During the Cold War, the superpowers possessed nuclear weapons and competed for influence and territory for many decades without nuclear war becoming a reality.  There were many reasons for our survival despite some serious crises such as the Cuban Missile Crisis and the lesser known 1973 Arab-Israeli War when the U.S. military world-wide went to DEFCON III (Defense Condition 3), the two closest instances of direct conflict between the U.S. and U.S.S.R.  Foremost among these reasons is the concept of Mutually Assured Destruction (aptly known as MAD) where the chance of total and equal destruction deterred each side from using their nuclear weapons.  (Although in fact, most nuclear war plans did not contemplate an all or nothing use of nuclear weapons.  There were (are?) war fighting plans using nuclear weapons in limited strikes that may or may not escalate based on the war aims.  It also has to do with hitting counter-value or counter-force targets — in over simplified words, hitting cities or military forces.  But I digress, although it useful to remember this concept of counter-value versus counter-force targeting in thinking about North Korea.)

It is unlikely that North Korea can be deterred from using its nuclear force based merely on the concept of MAD.  Kim does not want to die, he wants to survive, but he will not go down without a fight.  If his survival is threatened in a way he finds credible, he may go down swinging.

Diplomatically, it is difficult to know what will bring the North to the table with a credible negotiating team willing to provide a solution to inhibiting or eliminating their nuclear program.  On-site inspections and verification must be part of any solution, but Kim has signaled he will never allow them to occur.  Past U.S. administrations have entered into negotiations with them only to find them unserious and uninterested in a real solution.  They were only interested in finding out how much they could get from the West before opting out of any reciprocal actions.

There may be some value in taking a similar approach to the one that the world took with Iran.  While President Obama is often and furiously “blamed” for “caving” to the Iranians, a few things need to be remembered about the agreement.  First, it was not a bilateral U.S.-Iran agreement.  It was a multi-lateral agreement that includes, among others, France, the United Kingdom, Germany, the European Union, China and Russia.  Second, it in fact did stop Iranian development of nuclear weapons, at least in the short run.  The idea is that eventually Iran will benefit sufficiently economically without a nuclear weapons program that they will forgo it rather than suffer more sanctions in the future.  Third, it did open the country to outside inspectors.  No deal is credible without continued verification. The deal was a result of focused sanctions that hurt the Iranians where it counted.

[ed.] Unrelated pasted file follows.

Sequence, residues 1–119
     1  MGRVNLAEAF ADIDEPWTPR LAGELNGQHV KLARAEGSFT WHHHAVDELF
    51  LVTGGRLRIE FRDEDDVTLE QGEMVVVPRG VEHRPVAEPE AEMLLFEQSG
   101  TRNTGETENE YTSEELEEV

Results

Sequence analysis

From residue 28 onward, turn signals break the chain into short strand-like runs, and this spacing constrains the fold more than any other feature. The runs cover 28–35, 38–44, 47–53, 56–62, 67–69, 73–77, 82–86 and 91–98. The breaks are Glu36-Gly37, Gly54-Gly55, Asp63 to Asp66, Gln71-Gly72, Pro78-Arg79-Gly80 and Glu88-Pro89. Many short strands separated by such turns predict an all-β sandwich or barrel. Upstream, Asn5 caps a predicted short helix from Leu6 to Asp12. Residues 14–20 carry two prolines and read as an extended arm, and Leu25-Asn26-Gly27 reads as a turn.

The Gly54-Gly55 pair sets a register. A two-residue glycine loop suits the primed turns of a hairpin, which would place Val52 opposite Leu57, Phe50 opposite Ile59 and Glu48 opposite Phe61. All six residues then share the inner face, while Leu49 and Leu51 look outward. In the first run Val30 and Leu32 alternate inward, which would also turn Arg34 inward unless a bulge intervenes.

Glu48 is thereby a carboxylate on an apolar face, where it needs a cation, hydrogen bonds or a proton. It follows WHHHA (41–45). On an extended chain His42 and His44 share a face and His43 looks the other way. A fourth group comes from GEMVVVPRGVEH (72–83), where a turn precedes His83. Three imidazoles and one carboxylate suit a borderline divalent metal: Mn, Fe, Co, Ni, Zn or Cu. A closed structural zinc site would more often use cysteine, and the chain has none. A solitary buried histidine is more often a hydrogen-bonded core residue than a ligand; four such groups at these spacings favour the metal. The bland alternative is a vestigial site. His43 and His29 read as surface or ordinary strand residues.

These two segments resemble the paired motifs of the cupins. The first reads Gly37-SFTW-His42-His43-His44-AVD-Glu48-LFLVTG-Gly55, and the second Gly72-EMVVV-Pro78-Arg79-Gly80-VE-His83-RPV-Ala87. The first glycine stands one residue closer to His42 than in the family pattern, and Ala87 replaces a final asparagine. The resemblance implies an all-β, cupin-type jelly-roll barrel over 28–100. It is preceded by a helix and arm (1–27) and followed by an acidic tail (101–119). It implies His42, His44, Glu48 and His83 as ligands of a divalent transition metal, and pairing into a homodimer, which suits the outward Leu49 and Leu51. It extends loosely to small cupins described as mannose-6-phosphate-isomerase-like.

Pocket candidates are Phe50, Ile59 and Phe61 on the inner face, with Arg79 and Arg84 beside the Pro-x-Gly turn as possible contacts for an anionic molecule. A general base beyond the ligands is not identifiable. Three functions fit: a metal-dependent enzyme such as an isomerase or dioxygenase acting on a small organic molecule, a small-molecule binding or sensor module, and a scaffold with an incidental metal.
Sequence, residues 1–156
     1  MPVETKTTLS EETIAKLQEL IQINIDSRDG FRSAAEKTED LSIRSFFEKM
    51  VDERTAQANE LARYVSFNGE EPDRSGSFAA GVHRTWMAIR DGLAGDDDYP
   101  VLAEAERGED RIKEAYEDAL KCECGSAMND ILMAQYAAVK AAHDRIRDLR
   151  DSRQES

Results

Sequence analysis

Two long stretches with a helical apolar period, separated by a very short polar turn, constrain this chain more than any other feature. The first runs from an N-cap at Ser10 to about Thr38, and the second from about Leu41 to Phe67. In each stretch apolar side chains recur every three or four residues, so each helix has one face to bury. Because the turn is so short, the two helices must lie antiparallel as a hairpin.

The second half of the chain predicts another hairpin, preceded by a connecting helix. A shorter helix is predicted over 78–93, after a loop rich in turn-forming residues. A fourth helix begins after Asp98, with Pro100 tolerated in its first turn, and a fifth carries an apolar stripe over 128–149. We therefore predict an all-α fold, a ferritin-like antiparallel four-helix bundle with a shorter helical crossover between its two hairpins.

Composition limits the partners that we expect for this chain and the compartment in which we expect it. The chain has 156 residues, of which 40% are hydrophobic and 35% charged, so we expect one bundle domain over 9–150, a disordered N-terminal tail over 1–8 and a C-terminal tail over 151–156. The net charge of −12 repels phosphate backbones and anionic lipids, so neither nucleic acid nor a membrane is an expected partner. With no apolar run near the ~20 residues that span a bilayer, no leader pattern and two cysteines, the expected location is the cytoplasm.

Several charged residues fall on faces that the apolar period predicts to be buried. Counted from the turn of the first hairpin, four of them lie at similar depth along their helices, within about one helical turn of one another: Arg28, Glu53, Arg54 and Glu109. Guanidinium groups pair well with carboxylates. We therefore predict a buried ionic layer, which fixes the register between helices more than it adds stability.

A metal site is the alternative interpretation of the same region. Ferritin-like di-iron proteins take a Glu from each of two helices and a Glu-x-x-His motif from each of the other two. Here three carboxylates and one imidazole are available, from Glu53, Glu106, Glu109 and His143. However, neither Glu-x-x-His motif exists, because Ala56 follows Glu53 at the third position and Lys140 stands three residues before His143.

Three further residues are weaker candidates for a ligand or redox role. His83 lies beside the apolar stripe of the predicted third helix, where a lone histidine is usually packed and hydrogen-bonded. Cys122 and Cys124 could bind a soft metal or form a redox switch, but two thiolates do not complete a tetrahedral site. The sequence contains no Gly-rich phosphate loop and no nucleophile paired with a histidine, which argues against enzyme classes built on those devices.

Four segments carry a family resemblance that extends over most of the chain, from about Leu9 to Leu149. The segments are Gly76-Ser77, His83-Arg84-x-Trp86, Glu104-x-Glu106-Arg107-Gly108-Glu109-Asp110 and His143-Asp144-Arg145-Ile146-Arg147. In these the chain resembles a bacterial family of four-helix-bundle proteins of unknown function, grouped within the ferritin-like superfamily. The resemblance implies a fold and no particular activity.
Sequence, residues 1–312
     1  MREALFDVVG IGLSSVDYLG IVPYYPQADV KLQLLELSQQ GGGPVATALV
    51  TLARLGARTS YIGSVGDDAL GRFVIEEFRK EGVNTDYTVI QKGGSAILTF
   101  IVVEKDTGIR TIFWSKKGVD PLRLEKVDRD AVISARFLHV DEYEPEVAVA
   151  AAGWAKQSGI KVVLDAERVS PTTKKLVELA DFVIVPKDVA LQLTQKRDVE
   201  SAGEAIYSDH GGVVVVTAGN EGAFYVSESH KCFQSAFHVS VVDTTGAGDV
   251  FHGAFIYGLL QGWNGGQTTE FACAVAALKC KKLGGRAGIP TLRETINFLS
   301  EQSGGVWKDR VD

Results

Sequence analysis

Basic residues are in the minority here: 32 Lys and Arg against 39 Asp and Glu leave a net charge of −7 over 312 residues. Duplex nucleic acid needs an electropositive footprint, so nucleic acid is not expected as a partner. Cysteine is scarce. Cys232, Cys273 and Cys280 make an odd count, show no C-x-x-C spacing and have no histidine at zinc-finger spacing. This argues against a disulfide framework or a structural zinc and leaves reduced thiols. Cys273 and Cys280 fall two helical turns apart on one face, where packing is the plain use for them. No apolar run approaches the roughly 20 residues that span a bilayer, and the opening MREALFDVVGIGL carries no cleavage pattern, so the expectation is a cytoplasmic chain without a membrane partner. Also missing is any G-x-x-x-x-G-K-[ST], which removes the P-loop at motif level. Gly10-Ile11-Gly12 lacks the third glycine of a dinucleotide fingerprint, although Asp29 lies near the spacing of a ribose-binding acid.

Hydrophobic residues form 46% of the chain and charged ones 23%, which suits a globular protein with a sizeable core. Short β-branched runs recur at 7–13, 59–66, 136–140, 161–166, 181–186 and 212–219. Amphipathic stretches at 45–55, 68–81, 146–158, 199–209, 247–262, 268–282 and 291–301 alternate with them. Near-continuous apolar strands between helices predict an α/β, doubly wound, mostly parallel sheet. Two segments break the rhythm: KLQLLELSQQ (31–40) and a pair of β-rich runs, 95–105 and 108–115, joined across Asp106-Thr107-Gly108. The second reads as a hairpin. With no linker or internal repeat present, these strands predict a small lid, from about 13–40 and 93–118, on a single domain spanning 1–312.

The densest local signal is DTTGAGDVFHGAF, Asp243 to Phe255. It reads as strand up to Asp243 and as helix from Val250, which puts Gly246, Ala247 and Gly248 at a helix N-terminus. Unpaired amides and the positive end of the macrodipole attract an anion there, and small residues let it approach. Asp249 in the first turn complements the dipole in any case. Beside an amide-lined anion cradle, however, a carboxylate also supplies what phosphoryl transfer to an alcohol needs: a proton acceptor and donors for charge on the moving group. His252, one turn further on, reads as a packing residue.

Using this model may or may not be possible, but it could be a starting point for a meaningful international diplomatic effort to resolve the Kim issue.  However, thus far other world leaders have been content to allow the U.S. and China to solve this problem as they are less threatened by the DPRK. China is the key to any solution, but particularly one involving meaningful sanctions.  To be meaningful, they must hit Kim and his fellow oligarchs where it hurts — in their pocket books and life styles.  So far there is no evidence that current sanctions are having any impact on the leadership, only on the population. Thus China (and others) need to meaningfully and consistently enforce economic sanctions.

For other world leaders that do not seem too concerned, they should consider what may be the biggest threat from the North Korean nuclear program.  Cash strapped and looking for a market, it is conceivable that the DPRK will (and maybe already has) export their knowledge and expertise to the highest bidder.  This may and probably will in the future include terrorist organizations and rogue states. That alone should be enough to get most of the world on board with solving this problem.

Finally, and, as it should be, a last resort, there are a number of military options that may preclude full-scale war.  Cyber attacks that cripple the nuclear infrastructure for example could be carried out. (Remember reports in 2010 that the “Stuxnet” virus crippled the Iranian nuclear centrifuges in what is thought to be a combined U.S.-Israeli operation.)  Other clandestine operations are surely in the U.S. playbook.

Should conventional military force be required, a counter-force strike aimed at limiting the DPRK’s ability to do damage in South Korea could be followed by an offer to negotiate with Kim.

Another option is to specifically target Kim and the senior leadership in a decapitation strike that removes the DPRK leadership and thus limits their ability to retaliate.  This seems to have the biggest chance of success.  If a pre-emptive U.S. military strike could lead to a massive conflict on the peninsula and surrounding areas anyway, then go for the leadership first in the chance that the command and control abilities and the will to fight may be eliminated before the conflict spirals out of control.